When I was a kid, I remember being good in maths. So much so that all I wanted to study was more of this subject. There were other science subjects that I had along with literature but it was maths that had caught my fancy. This continued in college as well as post graduation and soon the fear caught up with me that if ever I tried to concentrate on anything other than maths, I would fail miserably. It's a different matter altogether that what I do currently for a living has absolutely nothing to do with maths but well yes, those were the days when experimentation with anything else was definitely out of question. I was finding reasonable success in the subject and the thought process was simple - 'Why to rock a smooth sailing boat?'
So why such a preamble? Well, that's because on watching some of the films coming from the house of Hollywood, I realised to my pleasant surprise that there are so many filmmakers out there who dare to be different when it comes to switching genres. Leave aside a genius like Steven Spielberg who makes his series on fantasy action thriller Indian Jones with as much pleasure as a highly dramatic Munich, even a relatively lesser known filmmaker like Sam Mendes shifts genres when he makes a dramatic crime drama Road To Perdition after Oscar winning abstract movie American Beauty.
Now let's look at our Bollywood flicks. Here we have directors who have stuck to the success formula and with an exception of two or three filmmakers, majority are not even thinking of experimenting. Majority are happy in their comfort zone and though Priyadarshan is the most versatile of all with an Aakrosh being poles apart from Garam Masala, Karan Johar daring to do a My Name Is Khan despite starting off with a Kuch Kuch Hota Hai, Ram Gopal Varma switching tracks between Rann and Rakht Charitra, Rohit Shetty picking up a Singham after Golmaal series and Farhan Akhtar leaving aside his cool coming of age Dil Chahta Hai behind for an even cooler urban action drama Don and it's sequel, they are outnumbered by those who are happy to what they are best at.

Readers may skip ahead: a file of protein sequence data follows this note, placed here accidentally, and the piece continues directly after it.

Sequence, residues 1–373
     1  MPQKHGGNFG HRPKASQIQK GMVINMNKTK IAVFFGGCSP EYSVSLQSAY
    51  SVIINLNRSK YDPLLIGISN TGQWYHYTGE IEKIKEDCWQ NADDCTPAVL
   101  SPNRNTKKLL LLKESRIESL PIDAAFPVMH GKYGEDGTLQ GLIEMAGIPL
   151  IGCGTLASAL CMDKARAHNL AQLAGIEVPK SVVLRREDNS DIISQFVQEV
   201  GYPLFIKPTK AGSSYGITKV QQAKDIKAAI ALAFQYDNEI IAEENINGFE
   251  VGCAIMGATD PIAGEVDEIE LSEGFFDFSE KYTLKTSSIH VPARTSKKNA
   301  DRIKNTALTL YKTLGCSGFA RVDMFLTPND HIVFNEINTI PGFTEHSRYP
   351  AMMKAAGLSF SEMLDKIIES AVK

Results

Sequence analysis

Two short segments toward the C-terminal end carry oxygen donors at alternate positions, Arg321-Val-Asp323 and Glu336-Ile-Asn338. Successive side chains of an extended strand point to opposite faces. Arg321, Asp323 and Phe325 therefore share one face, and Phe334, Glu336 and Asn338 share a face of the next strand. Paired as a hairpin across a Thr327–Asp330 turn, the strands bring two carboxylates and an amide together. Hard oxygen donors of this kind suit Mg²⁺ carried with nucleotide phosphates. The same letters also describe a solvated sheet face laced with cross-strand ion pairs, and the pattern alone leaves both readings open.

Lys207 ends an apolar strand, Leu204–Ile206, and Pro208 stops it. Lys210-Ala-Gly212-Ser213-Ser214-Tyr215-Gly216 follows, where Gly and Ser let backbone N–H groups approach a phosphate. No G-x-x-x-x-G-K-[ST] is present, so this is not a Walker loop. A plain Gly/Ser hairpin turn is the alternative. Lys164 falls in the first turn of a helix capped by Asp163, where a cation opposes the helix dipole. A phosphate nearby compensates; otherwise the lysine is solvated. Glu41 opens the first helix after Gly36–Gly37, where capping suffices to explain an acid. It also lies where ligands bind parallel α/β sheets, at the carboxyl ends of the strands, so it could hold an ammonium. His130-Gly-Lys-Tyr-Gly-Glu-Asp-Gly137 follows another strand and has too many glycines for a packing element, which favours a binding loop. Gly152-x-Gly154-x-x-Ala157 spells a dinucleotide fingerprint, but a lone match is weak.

In this week's 'Reflections', here is a wish list of seeing some of our top Bollywood directors take a different route in years to come.
How about a comedy from Mani Ratnam?
As far as Hindi films are concerned, Mani Ratnam hasn't been able to crack the formula. He has made three highly dramatic films in Dil Se, Yuva and Raavan. Sir, how about an out and out feel good candy floss comedy yet? As a top filmmaker over the last decade or so, you could possibly break the shackles and chill out, both on and off the screens.
How about a dark thriller from Aditya Chopra and Sooraj Barjatya?
Aditya Chopra and Sooraj Barjatya have made a career out of selling tales where 'all is well'. They have been mighty successful in that as well with both boasting of near cent percent record. They have made films which are abound with songs, 'bhartiya sanskaar', lot of colours and a message at the end of it all. Now how about getting your evil side out? They say everyone has it to some degree at the least. So how about making a dark thriller next, something on the lines of what David Fincher did with Se7en?
How about a thriller from Rajkumar Hirani and Imtiaz Ali?
Talking about all is well, if there are two filmmakers for whom success and respect are part and parcel of each other, they are Rajkumar Hirani and Imtiaz Ali. Their filmography don't need a detailing here. What is needed though or rather would be really appreciated though, is to see the men taking a shift from films where they concentrate on human drama and instead come up with a slick tale where technology has a major role to play as well, what with VFX, some high octane action sequences and cutting edge cinematography galore. Can we expect you to make films on the lines of Ridley Scott's Body of Lies and American Gangster respectively?